Coral Cactus

  • ​Common Name: Coral Cactus (other common names: crested euphorbia, elkhorn, candelabra plant, false cactus, euphorbia, dragon bones, crested candelabra plant, crested elkhorn)
  • Scientific Name: Euphorbia lactea ‘Cristata’
  • Family Name: Euphorbiaceae
  • Origin: India and Sri Lanka
  • Height: up to 2’
  • Width: 8” – 16”
  • Growth: slow
  • Zone: 10B - 11
  • Light Needs: Full sun to Partial shade (rotate so that the plant does not become lopsided.
  • Salt Tolerance:  unknown
  • Soil/PH/Texture: use a cactus soil mix, it will have better drainage than regular potting soil. Another choice is making your own mix with a combination of five parts potting soil, one-part coir (coconut fiber) and two parts pumice. Coir has a balanced pH, so it makes an ideal ingredient for a cactus soil mix.
  • Soil Moisture: likes well-drained, moist soil, If the top two to four inches are dry when you stick your finger into the soil, or the “cabbage” leaves get droopy, water the soil thoroughly until it drains out through the bottom, while avoiding wetting the foliage. Overwatering can kill the Coral Cactus so it is important to not have a schedule for watering but checking if it needs any at all.
  • Drought Tolerance: Low
  • Pests/Diseases: Mealybugs, scale insects, occasionally spider mites, can get powdery mildew, root rot or other fungal rots.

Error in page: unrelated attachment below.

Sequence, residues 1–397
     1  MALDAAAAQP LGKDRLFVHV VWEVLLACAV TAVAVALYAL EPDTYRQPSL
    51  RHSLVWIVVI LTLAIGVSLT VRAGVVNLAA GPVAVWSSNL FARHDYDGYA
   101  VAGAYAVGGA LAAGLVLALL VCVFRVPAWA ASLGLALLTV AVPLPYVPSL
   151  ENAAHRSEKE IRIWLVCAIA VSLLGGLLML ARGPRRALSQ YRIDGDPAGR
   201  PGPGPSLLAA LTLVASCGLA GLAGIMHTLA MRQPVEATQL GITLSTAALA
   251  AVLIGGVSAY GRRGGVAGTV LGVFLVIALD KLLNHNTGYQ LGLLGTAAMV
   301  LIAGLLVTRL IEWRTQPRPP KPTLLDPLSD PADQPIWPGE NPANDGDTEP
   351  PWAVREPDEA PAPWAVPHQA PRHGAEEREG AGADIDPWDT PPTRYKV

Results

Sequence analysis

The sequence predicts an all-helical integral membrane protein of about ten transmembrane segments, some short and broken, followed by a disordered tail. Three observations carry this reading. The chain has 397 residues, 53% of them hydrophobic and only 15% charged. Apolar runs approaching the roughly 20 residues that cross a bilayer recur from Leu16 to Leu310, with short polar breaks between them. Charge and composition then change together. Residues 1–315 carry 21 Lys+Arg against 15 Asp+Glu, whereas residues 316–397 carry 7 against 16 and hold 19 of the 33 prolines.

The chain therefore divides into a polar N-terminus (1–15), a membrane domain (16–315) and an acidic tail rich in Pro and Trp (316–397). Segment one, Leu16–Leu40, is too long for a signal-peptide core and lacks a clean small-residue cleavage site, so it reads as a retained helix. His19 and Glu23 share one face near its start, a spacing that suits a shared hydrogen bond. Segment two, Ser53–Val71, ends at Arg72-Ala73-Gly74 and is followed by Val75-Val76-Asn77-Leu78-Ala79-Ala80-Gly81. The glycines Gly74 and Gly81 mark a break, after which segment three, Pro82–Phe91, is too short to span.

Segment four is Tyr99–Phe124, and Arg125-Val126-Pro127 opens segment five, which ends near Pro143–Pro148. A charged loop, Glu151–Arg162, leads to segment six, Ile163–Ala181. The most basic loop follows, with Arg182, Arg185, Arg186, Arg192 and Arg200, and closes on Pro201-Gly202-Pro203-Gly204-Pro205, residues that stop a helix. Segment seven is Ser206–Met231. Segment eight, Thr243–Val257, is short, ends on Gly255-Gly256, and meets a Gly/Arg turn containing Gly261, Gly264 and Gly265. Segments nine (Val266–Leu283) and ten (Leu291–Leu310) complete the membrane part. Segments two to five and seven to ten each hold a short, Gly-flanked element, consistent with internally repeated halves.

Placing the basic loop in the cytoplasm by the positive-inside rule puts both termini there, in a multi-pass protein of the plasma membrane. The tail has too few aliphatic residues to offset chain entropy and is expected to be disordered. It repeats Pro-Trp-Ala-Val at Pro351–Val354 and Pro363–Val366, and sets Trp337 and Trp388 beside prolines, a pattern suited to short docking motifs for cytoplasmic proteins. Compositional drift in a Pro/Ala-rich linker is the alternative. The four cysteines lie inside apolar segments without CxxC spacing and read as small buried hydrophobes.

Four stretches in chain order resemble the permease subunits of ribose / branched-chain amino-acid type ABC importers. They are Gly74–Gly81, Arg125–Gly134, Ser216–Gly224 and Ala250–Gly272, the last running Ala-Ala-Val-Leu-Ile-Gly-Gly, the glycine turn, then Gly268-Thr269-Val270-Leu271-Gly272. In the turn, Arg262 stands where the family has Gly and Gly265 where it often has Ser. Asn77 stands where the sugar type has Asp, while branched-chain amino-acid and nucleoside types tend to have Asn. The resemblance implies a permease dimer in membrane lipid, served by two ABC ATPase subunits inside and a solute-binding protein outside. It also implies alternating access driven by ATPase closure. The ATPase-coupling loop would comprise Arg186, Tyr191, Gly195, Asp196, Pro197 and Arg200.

• Growing Conditions: easy to grow and low maintenance
  • Characteristics: The name of this plant “Coral Cactus” is misleading - it is actually the combination of two succulent plants that form one fan-shaped plant. It has a crest (the coral-shaped part) and a cactus root (the Euphorbia neriifolia) underneath it. It resembles a large piece of coral with crinkled, cabbage-like deciduous leaves that have a range of colors on their leaf edges green, ruby, purple, yellow, pink, or white). It has aggregated clusters of flowers called a cyathium that are reduced in size, which is only found in the genus Euphorbia. The coral cactus flower is tiny, but may be pink or purple in coloration if a flower appears, this usually only happens on mature plants, but may never occur at all.
  • Propagation: by stem cuttings in the spring, make sure to dry them out for a few weeks before placing them in pots. To graft your own Coral Cactus, you would have to have a Euphorbia neriifolia plant and a Euphorbia lactea plant.
  • Wildlife: unknown
  • Facts: produces a milky sap called latex that is toxic and can be considered a mild irritant to very poisonous.
  • Designer Considerations: Can be used as an accent plant in any rock, cactus, or succulent garden beds, as a houseplant and is great for xeriscaping or as a container plant on a patio.

Location


Coral Cactus

Friends of the Port St Lucie Botanical Gardens
CALL US +1.772.337.1959